The market for wood-gasification boilers is growing in North America. Most are used in rural areas where natural gas in not available, and thus the cost of firewood is often very competitive against the alternatives of No. 2 fuel oil or propane.
An installer is asked to provide a system that supplies two zones of fin-tube baseboard and two zones of floor heating. The system also supplies domestic water heating. He selects a mod/con boiler because it’s lighter than a conventional boiler.
North American hydronic professionals can now choose from dozens of modulating/condensing (mod/con) boilers. Many are designed for wall-mounting. Those who design these boilers strive for small enclosures and low weight.
An installer plans to use a geothermal heat pump to supply warm water to a multizone radiant ceiling panel system. Having heard that radiant ceiling panels also can be used for cooling, he decides to pump chilled water through the same radiant ceiling distribution system.
For decades, well-designed and -installed hydronic heating systems have earned a reputation for superior comfort. Still, potential customers who understand and desire the benefits of hydronic heating often ask, “But how does this system provide cooling?”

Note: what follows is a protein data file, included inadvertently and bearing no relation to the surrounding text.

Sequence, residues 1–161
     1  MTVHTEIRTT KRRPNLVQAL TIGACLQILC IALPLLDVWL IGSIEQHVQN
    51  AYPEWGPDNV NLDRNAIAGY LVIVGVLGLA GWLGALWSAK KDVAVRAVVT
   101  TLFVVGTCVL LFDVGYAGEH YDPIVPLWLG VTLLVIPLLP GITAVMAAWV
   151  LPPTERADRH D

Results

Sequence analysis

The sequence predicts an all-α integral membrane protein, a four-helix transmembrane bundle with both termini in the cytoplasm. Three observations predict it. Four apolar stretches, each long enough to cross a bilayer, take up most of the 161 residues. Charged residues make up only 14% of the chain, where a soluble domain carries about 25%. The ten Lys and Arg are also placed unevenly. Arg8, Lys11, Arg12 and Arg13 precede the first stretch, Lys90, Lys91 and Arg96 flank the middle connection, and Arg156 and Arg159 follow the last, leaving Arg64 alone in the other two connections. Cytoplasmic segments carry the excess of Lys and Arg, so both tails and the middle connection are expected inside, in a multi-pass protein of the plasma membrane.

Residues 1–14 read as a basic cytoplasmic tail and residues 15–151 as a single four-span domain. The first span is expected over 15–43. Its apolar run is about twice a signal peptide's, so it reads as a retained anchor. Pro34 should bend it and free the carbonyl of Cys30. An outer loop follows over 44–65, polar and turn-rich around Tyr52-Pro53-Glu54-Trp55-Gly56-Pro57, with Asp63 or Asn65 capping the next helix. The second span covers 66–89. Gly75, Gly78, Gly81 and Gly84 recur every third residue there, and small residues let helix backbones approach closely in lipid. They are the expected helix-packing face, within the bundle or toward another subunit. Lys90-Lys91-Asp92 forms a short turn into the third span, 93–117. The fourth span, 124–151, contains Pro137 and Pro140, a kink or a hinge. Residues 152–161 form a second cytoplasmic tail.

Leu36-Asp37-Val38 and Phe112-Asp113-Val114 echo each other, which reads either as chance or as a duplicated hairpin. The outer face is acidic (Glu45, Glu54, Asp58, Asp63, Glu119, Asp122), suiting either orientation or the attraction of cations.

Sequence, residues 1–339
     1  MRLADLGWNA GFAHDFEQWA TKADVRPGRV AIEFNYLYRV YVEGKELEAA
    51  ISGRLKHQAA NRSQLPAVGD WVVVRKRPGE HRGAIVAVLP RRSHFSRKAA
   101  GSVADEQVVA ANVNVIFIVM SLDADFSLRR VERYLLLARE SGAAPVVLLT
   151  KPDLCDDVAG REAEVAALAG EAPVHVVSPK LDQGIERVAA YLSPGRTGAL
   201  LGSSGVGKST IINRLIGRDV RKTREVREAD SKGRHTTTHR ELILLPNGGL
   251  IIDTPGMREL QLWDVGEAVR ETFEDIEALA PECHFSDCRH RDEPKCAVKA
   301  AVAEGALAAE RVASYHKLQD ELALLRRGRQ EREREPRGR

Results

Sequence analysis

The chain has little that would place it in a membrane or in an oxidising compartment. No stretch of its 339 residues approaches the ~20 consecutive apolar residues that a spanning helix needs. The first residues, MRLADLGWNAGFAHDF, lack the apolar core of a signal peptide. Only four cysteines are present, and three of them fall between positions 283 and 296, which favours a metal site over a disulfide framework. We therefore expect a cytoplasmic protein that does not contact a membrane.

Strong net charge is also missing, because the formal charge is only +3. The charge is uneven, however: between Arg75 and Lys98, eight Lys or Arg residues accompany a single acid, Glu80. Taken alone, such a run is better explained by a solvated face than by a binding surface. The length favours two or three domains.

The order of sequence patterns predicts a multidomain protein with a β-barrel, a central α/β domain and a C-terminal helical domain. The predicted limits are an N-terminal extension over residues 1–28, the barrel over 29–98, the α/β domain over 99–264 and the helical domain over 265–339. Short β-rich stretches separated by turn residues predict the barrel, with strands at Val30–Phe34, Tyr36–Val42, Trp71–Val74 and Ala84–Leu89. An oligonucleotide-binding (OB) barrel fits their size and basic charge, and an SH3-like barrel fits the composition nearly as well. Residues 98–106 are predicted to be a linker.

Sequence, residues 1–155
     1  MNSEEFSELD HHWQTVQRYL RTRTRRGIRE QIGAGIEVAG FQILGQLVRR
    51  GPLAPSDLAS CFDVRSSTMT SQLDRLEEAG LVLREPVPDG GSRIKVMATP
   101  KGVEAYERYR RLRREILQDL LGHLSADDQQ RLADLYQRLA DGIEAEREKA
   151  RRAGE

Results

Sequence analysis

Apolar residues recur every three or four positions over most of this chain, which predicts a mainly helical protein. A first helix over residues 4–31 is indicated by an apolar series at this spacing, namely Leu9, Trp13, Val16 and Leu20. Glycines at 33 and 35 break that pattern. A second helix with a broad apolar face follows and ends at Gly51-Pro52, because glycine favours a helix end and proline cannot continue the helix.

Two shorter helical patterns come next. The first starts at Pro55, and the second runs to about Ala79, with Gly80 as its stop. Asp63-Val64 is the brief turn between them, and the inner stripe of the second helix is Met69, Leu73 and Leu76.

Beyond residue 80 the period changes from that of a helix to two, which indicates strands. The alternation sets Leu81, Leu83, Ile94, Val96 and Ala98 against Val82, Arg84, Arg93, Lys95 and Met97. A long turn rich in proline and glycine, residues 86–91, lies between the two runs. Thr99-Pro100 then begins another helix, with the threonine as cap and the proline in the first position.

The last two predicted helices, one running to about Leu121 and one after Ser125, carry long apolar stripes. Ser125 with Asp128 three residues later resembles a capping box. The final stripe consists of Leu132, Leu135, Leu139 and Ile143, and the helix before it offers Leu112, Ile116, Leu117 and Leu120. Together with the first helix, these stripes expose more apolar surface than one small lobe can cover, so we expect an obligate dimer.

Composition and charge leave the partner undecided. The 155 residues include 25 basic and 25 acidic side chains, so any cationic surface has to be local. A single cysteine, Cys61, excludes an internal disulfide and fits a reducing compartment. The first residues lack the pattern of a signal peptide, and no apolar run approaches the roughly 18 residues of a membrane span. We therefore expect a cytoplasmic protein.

A low-mass copper tube boiler is installed with six zone circuits controlled by zone valves. The installer got a great price on a “contractor pack” of 3/4-in. copper tees, so the supply and return headers are build with 3/4-in copper, as are all the zone circuits.
Interest in biomass heating systems continues to rise, especially in rural areas of the United States and Canada. Although plenty of devices are available that burn wood to heat water, the state-of-the-art device is a wood-gasification boiler.
A group of masons pour a 6-in.-thick concrete slab containing 5/8-in. PEX tubing at 12-in. spacing. A nearly complete layer of extruded polystyrene insulation is under the slab. But what are they doing wrong?